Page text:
F1 admit new Chinese GP date unlikely as attention turns to Vietnam

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Formula 1 CEO Chase Carey admits finding a new date for the Chinese Grand Prix will be difficult in 2020.

On Wednesday, F1 bosses accepted a request from promoters in Shanghai to postpone this year's race, initially set for April 19th, due to the ongoing Coronavirus outbreak.

Given the importance of the Chinese market, however, Liberty Media are keen to reschedule but finding a suitable weekend is tough given the compact calendar later in the year.

“It’s challenging. We’ve started to wrestle with contingencies, but I think once you’re into the year with dates locked, it’s a pretty full schedule,” Carey told Motorsport.

“We value our Chinese partners, they’ve been good partners. We’ve had good growth in China, so certainly we’d like to maintain that.

“But the health and safety of people come first and there certainly would be challenges in fitting things into a schedule, moving other dates when they’ve had dates locked has complexities to it.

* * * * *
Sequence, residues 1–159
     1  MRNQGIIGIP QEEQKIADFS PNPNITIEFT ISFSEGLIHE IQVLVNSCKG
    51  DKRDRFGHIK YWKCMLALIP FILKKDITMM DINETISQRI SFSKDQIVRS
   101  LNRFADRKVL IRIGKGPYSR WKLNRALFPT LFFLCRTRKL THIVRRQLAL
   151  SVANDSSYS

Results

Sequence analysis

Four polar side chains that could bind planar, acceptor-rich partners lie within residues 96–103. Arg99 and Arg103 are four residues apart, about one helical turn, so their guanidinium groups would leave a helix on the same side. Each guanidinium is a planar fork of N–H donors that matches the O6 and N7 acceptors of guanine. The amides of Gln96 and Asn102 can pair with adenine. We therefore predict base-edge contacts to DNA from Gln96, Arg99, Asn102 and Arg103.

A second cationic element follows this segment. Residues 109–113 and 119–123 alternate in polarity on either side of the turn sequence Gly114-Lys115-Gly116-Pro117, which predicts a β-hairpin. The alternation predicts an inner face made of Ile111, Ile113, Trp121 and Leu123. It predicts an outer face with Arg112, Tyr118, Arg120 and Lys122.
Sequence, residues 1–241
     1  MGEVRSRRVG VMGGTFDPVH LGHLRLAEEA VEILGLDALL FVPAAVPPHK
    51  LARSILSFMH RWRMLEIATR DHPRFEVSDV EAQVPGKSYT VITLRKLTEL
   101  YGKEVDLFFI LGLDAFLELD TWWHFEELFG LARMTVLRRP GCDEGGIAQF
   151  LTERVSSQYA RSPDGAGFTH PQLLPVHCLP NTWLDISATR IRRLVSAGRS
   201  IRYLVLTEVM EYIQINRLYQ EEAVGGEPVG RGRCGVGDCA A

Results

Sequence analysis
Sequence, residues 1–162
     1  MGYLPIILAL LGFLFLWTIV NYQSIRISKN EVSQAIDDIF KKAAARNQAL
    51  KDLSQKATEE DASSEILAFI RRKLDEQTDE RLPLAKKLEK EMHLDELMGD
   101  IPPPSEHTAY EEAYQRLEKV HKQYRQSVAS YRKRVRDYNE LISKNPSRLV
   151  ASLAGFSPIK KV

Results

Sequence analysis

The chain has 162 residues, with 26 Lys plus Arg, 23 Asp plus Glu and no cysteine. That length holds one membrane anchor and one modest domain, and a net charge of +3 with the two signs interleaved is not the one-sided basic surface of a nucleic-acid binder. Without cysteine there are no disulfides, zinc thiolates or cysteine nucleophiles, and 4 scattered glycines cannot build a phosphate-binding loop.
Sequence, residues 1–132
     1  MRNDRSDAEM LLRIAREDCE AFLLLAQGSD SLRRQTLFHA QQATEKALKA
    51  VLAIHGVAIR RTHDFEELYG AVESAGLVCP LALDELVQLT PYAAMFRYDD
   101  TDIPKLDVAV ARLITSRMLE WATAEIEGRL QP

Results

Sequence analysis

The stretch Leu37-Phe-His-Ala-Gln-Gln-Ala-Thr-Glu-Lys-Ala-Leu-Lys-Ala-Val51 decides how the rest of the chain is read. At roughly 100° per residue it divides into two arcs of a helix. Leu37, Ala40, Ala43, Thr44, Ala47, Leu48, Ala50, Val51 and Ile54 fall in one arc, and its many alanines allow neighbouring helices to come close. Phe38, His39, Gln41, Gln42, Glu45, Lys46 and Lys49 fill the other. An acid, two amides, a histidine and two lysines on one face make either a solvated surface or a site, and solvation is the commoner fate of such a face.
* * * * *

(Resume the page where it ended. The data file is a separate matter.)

“We’re dealing with it. We haven’t really worked through all the possibilities, but I think there’ll be challenges to dealing with it.”

It was reported teams had already blocked two proposed dates, August 9 and November 22, and the issue facing Liberty is inserting China back into the current calendar would cause a repeat of the triple-header which didn't go down well in 2018.

Elsewhere, attention is also now turning to Vietnam, where the Coronavirus has led to a quarantine being implemented less than 30 miles from Hanoi, where the inaugural race is set to take place on April 5.

Officially, the FIA and race organisers are closely monitoring the situation with only 16 confirmed cases in the country, but given the close proximity to China, concerns are being raised about whether F1 should visit there too.

“I think we are certainly aware of the issue. The health and safety of our people is priority one,” Carey noted.

“Outside of China right now, from what we know, I think today in most places, it seems to be six, eight, 10 people.

“Nobody knows what it will be in a week or two, so it’s a tough thing to say what the situation is going to be in four weeks. I think you can only be on top of it and aware of it, stay in touch with people and deal with what arises as you know more.

“What we know today, it’s pretty limited outside China, but we don’t know what we don’t know," he concluded.

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